Scientologists arrive in Poland


Polish authorities have yet to face the problem of controversy and potential danger from scientologists, who have opened their offices in Warsaw and aim to officially register their activity in Poland.

Report by Joanna Najfeld

The church of scientology, a political and religious group accused of mind control and embezzlement has opened its mission in Poland and is working unofficially, recruiting and training new members. Radosław Gruca, a journalist of the Dziennik daily has managed to infiltrate the organization:

'I've managed to get into the first under cover organization, called in the scientologist language "I-help" and I did a few scientologist courses. I was told that you can be a Catholic and scientologist at the same time, which is untrue, because they believe in reincarnation, past life and aliens - this is all pretty weird.'

The scientological movement originated in the 20th century and is considered to be one of the most controversial and dangerous contemporary sects. Cases of suicides and unexplained deaths have been investigated in connection with the activity of the group. The church of scientology has come in direct conflict with police and government forces in several countries including ęłęóthe United States, the United Kingdom, and Germany, where scientologists are considered to be a dangerous political movement. A Polish report by the National Security Bureau drafted in 1995 termed scientologists 'a religious mafia.'

Journalist Ewa Wołczyńska has researched the subject:

'They present themselves as a movement based on religious and scientific ideas valued in today's world. But in fact, their doctrine has nothing to do with religion. They are accused of brain-washing, mind control, physical and psychological coercion in order to obtain money from their members. Scientologists target the wealthy and their founder himself was accused of embezzlement. Because of the dangers, this sect is banned in many countries.'

The Polish mission of the scientological movement has been set up under cover and receives orders from abroad, says Radosław Gruca, who infiltrated the sect. Scientologists aim to eventually register their organization.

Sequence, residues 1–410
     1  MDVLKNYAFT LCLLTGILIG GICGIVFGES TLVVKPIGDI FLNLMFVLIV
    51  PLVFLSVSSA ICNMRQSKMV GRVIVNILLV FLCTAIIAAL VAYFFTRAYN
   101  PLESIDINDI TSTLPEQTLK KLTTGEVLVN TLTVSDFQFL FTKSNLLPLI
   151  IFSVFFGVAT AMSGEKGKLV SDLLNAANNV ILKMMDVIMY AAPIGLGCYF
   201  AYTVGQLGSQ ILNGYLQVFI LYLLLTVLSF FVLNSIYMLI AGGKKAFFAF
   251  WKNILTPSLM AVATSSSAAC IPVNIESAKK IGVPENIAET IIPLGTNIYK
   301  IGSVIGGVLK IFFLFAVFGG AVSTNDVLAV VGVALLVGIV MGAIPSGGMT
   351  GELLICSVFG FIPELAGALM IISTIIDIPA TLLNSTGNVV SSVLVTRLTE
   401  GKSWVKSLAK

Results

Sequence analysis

'The Polish government is not prepared to stop the sect in Poland. As far as I know, they are preparing to open an official mission here. The person who is giving orders to the Polish leaders is from Germany. As far as I know, she has orders from the special agency of the scientological church, called the Office of Special Affairs. The Polish mission is under the organization in Hungary and Denmark.'

Not much is being done to prevent the spreading of scientology in Poland, continues Radosław Gruca, who has contacted the proper authorities about this.

'I was trying to ask them if they are doing anything to infiltrate the sect and try to check what they are doing in Poland - if they are committing any crimes, or something. But they told me that they are unable to do this, because in the Polish law, there is no such thing as a sect as a cult, and they can react only if one person or one organization is breaking the law. So, as far as I know, they are doing nothing about it.'

The Polish branch of the sect is supervised by Hanna Garbalska, a 26-year old political activist of the Polish Peasant's Party. When her colleagues found out about the activity that Garbalska is involved in, a motion was filed to exclude her from the party.

'She has put public trust in our organization at risk and the other reason is that she behaved unethically.'

The National Committee of Defense against Sects has asked the government to prevent the registration of the church of scientology in Poland. Head of the committee, Ryszard Nowak, has said that if scientologists are called 'religious mafia' and accused of forgeries, corruption, embezzlement, and threatening people, then they must not be allowed to register in Poland. 'We are not against denominations or religions, we are against sects, which we consider to be criminal organizanizations,' stressed Ryszard Nowak, head of the National Committee of Defense against Sects.